David Fowler Johnson, of Winstead PC, has made available for download his article, “Administering Trusts in Recessions: Trust Loans to Beneficiaries,” published in JDSUPRA. The abstract is as follows:
Beneficiaries often request that a trustee make them a loan from trust property. In an economic downturn, such requests are even more prevalent. As a general rule, a trustee should not want to make a loan to a beneficiary as it should assume that the beneficiary will default and the trustee will then be placed in a situation of having to collect on a debt from a beneficiary, a person to whom the trustee owes a fiduciary duty. Yet, the trustee may have pressure to make such a loan: the loan document may require it or suggest that same should be made, the beneficiary may have a right to remove the trustee, the settlor may want the loan to occur, the trustee may like the beneficiary and want to assist him or her, the trustee may have other non-trust relationships with the beneficiary or the beneficiary’s family, etc. There are many different ways that a beneficiary or others may exert pressure on the trustee to make such a loan.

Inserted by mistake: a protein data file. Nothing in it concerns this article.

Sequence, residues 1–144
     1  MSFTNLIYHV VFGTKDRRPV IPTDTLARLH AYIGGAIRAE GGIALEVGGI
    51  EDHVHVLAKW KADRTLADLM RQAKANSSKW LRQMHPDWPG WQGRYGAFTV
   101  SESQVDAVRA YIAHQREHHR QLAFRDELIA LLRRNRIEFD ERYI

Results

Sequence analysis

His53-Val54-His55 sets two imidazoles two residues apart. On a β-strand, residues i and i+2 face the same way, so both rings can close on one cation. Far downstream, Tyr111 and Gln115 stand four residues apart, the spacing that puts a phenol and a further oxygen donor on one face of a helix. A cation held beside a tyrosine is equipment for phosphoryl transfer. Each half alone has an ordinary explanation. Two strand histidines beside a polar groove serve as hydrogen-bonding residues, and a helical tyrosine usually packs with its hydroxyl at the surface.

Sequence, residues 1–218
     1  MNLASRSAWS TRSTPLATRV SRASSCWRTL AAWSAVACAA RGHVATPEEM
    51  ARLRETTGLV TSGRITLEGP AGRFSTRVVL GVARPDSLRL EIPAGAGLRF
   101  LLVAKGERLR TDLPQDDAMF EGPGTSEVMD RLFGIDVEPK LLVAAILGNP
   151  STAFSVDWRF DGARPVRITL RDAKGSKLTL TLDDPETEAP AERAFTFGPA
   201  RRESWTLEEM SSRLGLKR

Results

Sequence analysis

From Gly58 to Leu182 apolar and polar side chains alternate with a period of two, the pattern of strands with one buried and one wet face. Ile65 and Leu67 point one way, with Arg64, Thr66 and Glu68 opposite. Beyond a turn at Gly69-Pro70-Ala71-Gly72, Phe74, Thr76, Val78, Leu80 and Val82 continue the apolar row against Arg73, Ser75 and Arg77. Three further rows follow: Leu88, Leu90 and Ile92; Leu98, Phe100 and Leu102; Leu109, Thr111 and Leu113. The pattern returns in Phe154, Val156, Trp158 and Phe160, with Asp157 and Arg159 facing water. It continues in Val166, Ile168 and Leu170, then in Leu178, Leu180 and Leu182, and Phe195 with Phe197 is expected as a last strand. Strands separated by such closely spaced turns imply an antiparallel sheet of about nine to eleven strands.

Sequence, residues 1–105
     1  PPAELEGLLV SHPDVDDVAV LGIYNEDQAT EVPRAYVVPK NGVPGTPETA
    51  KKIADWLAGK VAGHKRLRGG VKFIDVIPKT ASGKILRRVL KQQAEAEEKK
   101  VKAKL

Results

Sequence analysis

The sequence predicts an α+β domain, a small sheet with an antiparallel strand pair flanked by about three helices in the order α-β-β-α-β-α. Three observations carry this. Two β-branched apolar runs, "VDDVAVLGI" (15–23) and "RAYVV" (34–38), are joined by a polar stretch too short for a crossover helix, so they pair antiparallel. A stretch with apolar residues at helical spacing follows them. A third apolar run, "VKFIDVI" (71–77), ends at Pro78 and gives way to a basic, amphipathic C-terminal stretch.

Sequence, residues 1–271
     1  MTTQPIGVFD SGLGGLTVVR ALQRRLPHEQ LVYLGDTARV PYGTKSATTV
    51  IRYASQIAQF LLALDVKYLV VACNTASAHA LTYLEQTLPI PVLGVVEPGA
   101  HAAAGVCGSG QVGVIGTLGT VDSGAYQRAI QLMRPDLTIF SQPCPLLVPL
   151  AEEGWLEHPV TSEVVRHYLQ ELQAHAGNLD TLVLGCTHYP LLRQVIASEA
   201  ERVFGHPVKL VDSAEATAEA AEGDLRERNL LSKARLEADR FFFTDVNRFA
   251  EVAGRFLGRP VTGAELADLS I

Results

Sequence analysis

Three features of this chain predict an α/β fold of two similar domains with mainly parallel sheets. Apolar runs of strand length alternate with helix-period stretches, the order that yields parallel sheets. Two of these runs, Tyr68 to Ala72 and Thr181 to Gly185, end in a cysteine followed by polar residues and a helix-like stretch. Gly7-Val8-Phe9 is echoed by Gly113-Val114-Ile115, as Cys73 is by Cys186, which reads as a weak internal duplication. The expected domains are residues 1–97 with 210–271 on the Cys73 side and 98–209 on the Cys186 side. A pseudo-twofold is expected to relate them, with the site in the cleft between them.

Posted by Bella Hoang, Managing Associate Editor, Wealth Strategies Journal.